Even with an early introduction to meditation, it hasn’t been easy for me to develop the habit of meditation. I have had to work diligently at building the habit. Sometimes, I still struggle with integrating it into my life.
But, this habit has transformed my life in so many ways. It has helped me overcome anxiety, deal with stress and helped me become aware of a higher wisdom.
I can still recall my very first meditation practice. It took place in a sun-dappled classroom on the 2nd floor of my school building just after I had turned 11.
This classroom was unlike all the other rooms in the school. While the rest were utilitarian, this one had an organic look and feel. The rough walls, terra cotta floor and thatched roof with shards of light streaming in, beckoned us to leave blackboards and curriculum behind. This room one felt had little to do with grades and everything to do with exploring the undefined.
On that day, our usual P.E. teacher, Mr. Simon was away. A substitute teacher was seated on the floor when we entered. The teacher asked us to leave our shoes at the entrance and join her on the floor. I carefully sat down tucking my navy blue uniform skirt around my knees and looked up at the teacher with curiosity and mild irritation (the floor was dusty!).
What had happened to our typical Tuesday P.E. hour (not that I minded missing it!)? What kind of a class was this?
The teacher introduced herself and walked around the room gently correcting students’ posture. Her style, her very presence were poles apart from Mr. Simon.
She began to instruct us on the ancient Indian art of dhyana or meditation. We were introduced to a form of meditation called Trataka.
Trataka is also known as gazing meditation. This exercise demanded that we concentrate on a single object without allowing our mind or eyes to wander. Even though it was an intense exercise, Trataka presented an unusual challenge I found refreshing.
Back in those days I detested exercise. The unrelenting humid heat of my hometown was just one excuse that kept me from committing to physical fitness.
Meditation, even Trataka was a welcome change. Over time I came to appreciate that yoga and meditation were fundamental practices in leading a healthy lifestyle.
Since that first taste of meditation through Trataka, whenever I have craved mental clarity, I have turned to meditation.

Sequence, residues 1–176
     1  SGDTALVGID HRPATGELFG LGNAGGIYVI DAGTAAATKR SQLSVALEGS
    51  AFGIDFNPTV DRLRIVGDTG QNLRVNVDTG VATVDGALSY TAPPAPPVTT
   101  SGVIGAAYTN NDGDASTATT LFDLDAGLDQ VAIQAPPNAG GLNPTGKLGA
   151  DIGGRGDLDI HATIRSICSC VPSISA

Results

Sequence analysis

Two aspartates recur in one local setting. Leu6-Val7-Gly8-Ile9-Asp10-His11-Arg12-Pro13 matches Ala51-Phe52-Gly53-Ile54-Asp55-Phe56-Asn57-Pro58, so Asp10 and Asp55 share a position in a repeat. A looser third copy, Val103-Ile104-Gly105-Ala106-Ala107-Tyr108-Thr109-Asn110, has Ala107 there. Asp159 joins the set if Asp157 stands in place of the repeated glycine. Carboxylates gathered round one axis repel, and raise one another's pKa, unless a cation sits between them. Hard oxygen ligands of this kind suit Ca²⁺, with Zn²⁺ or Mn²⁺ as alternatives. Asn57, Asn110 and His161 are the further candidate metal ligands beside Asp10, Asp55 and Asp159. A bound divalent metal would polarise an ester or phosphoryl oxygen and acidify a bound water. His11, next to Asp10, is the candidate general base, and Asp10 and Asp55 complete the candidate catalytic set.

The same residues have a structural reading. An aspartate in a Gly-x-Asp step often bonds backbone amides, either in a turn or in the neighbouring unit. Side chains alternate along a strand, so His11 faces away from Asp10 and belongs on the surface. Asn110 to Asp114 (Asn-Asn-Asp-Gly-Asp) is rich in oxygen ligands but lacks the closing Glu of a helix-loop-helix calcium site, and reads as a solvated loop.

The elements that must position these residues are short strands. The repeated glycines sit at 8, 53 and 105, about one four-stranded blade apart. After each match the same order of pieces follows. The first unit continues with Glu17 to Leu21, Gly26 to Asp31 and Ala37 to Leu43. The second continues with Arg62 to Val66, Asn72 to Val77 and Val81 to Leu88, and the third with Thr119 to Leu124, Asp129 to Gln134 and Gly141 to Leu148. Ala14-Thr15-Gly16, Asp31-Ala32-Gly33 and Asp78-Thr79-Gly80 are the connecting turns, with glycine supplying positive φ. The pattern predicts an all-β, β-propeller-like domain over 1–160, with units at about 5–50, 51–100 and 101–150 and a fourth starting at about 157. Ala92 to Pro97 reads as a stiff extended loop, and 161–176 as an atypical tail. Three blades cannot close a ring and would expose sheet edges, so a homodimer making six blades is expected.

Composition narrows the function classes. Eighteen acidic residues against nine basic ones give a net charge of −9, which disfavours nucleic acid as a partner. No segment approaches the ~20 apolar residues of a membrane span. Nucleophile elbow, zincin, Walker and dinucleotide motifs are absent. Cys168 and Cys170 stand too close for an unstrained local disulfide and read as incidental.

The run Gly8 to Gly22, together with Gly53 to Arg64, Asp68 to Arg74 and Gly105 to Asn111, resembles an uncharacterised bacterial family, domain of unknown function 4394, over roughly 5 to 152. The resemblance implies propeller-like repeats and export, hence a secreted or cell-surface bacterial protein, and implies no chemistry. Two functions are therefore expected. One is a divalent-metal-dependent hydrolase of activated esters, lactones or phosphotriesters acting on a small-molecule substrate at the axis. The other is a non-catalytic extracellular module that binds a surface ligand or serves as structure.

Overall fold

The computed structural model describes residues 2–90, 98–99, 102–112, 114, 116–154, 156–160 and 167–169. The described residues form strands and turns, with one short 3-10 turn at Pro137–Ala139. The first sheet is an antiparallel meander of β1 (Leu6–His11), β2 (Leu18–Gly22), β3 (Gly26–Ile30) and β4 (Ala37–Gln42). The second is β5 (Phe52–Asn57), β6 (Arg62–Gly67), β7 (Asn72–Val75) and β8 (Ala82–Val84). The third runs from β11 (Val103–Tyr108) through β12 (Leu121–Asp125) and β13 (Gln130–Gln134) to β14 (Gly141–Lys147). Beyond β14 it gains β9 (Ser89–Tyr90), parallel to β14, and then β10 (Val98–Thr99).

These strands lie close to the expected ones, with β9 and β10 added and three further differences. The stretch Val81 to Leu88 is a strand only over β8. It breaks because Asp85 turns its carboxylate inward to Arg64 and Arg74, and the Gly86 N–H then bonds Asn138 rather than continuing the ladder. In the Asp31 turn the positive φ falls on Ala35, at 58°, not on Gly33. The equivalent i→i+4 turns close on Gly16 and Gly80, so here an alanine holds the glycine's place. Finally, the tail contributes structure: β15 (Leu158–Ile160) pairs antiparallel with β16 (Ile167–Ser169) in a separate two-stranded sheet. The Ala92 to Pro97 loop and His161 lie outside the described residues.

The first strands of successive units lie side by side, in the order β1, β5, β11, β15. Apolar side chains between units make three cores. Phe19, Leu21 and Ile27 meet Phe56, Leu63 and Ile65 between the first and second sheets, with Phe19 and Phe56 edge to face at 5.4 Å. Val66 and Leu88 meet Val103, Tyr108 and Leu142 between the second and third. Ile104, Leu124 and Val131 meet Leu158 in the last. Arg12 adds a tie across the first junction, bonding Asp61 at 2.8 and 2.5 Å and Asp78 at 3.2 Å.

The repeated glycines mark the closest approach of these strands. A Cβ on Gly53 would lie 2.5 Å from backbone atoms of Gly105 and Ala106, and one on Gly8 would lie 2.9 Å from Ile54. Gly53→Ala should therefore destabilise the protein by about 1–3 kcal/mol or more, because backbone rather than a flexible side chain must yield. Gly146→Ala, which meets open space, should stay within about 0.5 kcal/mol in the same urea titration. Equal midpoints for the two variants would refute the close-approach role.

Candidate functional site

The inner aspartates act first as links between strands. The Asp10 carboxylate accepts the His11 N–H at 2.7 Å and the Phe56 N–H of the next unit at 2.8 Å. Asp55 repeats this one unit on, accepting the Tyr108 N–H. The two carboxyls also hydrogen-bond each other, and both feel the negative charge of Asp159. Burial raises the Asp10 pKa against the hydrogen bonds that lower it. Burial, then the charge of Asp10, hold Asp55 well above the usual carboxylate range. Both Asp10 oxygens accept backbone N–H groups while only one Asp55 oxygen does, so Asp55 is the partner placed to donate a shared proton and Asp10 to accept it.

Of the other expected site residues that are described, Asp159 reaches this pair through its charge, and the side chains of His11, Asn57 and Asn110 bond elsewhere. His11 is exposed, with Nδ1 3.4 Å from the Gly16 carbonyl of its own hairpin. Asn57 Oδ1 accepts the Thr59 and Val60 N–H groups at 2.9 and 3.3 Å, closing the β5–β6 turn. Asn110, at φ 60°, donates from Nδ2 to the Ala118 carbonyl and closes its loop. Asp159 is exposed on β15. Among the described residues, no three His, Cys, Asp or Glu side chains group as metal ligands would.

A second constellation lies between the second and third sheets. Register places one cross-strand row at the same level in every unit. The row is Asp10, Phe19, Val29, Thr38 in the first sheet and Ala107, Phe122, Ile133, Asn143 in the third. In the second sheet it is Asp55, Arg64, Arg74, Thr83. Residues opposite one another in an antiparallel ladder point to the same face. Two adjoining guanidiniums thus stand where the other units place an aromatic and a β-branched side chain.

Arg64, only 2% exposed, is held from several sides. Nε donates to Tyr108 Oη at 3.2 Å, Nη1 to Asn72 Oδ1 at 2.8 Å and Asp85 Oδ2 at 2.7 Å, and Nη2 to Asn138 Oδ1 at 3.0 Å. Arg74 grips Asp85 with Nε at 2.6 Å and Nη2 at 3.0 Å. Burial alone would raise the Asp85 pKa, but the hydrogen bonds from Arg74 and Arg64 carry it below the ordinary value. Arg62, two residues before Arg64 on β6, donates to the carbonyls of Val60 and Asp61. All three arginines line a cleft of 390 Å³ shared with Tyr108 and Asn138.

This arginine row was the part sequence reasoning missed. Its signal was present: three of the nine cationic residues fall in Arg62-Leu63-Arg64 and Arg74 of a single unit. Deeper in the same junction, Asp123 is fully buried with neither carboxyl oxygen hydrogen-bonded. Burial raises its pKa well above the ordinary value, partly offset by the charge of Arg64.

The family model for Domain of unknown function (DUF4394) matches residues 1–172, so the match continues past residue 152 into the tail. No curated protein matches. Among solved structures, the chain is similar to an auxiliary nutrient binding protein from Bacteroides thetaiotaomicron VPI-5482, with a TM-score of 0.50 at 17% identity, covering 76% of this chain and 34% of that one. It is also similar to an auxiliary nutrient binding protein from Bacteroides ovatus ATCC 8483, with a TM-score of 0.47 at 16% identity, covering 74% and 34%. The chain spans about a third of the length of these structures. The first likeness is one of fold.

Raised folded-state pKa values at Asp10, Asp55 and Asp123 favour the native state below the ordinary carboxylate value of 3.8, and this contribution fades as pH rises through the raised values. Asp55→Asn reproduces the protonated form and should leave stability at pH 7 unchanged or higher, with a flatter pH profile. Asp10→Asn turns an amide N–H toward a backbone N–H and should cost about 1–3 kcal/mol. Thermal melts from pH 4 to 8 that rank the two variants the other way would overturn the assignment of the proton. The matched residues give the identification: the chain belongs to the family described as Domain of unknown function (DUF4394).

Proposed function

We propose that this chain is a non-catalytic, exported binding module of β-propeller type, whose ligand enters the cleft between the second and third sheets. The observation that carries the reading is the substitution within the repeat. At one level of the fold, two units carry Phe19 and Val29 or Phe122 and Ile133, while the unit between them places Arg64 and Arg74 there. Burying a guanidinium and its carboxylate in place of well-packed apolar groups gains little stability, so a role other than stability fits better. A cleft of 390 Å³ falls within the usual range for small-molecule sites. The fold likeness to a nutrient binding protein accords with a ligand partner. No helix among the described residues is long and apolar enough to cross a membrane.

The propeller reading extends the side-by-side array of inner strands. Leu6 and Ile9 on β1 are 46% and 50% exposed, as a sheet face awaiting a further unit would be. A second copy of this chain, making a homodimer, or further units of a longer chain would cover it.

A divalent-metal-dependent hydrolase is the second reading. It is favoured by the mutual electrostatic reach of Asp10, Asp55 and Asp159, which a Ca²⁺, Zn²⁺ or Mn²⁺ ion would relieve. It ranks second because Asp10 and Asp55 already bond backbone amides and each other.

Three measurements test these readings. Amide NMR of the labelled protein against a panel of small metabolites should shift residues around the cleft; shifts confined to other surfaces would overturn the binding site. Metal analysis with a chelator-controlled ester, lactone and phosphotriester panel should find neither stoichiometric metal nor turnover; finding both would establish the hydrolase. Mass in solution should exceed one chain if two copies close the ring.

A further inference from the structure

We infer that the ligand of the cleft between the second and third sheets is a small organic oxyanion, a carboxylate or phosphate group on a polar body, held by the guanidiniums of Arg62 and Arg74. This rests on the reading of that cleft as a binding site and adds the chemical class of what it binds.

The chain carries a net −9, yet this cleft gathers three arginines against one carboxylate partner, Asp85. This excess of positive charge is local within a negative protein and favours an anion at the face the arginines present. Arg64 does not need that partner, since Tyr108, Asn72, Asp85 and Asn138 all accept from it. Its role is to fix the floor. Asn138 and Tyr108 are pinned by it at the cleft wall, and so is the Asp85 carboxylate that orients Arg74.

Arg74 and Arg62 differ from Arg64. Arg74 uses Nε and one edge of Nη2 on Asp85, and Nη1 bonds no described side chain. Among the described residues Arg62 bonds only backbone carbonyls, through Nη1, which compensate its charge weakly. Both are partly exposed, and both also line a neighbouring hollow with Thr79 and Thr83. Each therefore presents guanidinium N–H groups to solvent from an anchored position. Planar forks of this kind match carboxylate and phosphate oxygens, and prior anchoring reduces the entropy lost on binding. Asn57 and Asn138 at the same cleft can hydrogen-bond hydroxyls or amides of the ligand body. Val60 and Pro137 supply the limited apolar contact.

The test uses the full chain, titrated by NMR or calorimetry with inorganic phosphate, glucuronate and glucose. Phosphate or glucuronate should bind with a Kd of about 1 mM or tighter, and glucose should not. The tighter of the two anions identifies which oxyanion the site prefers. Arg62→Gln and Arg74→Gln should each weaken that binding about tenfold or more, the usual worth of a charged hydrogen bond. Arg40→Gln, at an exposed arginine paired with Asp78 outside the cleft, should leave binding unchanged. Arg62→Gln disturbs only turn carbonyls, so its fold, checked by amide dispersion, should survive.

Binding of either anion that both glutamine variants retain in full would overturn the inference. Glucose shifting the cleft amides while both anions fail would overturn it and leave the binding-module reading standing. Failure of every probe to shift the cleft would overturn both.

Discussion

Alas, my practice has not been consistent, continuous or committed. Yet, I have persevered even when I have found it to be demanding. I have overcome physical restlessness, and at times have been successful in turning of incessant chatter in my mind. This has helped me in both my career and my personal life.
Before I tell you about the benefits of meditation, I must bust a few myths about meditation.
Even I have been skeptical about the value of this practice at times. Confronting these myths might help you stop making excuses and start exploring all the possibilities that meditation offers.
Myths about meditation
Although meditation has been accepted by the Western world, a few misconceptions persist. Here are a few common myths about meditation.
Myth #1: Meditation is mumbo jumbo
Although the origins of meditation date back to Vedic age in Ancient India (1500 to 1000 BC), many branches of science such as neuroscience and psychology have proven the benefits of meditation. It is most assuredly not mumbo jumbo.
Myth #2: Meditation is for “spirit junkies” and religious nuts
Meditation can benefit anyone who is dealing with stress and tension. It can help anyone who wants to improve their focus and their overall quality of life. It is for people of all religious affiliations. The practice in itself is secular.
Myth #3: You have to be old, in shape or whatever to practice meditation
There are no prerequisites to meditation. No matter what your age is or how physically fit you are, you can develop the habit of meditation.
Myth #4: Meditation is difficult
On the contrary, it is easy and effortless to form this habit. Even meditating for just 5 minutes a day can make a tremendous difference in your life.
Myth #5: You need special tools and lots of time to meditate
You don’t need to purchase fancy attire, pay large sums of money to a gym or block a chunk of time to practice. It takes minimal effort to build this habit.
Myth #6: I have stay still for hours on end to meditate
It is true that conventional meditation is done in a sitting posture. But there are many unconventional ways to exercise mindfulness and reap the same benefits. I myself prefer these unconventional ways because they elevate the level of joy I feel while I meditate. I discuss these methods in my next article.
Myth #7: Meditation is a serious practice
Meditation sounds like a serious practice, but it really isn’t! There is a mistaken belief that it requires great levels of concentration. In fact, concentration is a result of meditation.
Meditation is about relaxation. Whether you choose to focus on your breath (described below) or on an object (as in Trataka), meditation forces you to break away from your ever present thoughts. It releases your mind from worries and stress.
What a liberating feeling! It is like walking outdoors into a cool breeze after being trapped in a stifling room.
Meditation creates space for peace and joy in your life; resulting in a fountain of tranquility that you can draw upon when you most need it.
Be sure to try the unconventional methods I discuss in my next article, they are more fun to practice!
Why they always look so serious in Yoga? You make serious face like this, you scare away good energy. To meditate, only you must smile. Smile with face, smile with mind, and good energy will come to you and clean away dirty energy. Even smile in your liver. Practice tonight at hotel. Not to hurry, not to try too hard. Too serious, you make you sick. You can calling the good energy with a smile. (From Ketut Liyer, the Balinese healer)
The Benefits of Meditation
Our Monkey Mind
The human mind is the seat of the soul. The capacity to think, plan and decide is uniquely human and emerges from the brilliant mind. However, it is this very capacity that mires us in the problems of this world creating misery and unhappiness.
Yet, our mind is also an instrument for self-elevation. It is the very tool that can emancipate us from the bondages of this material world.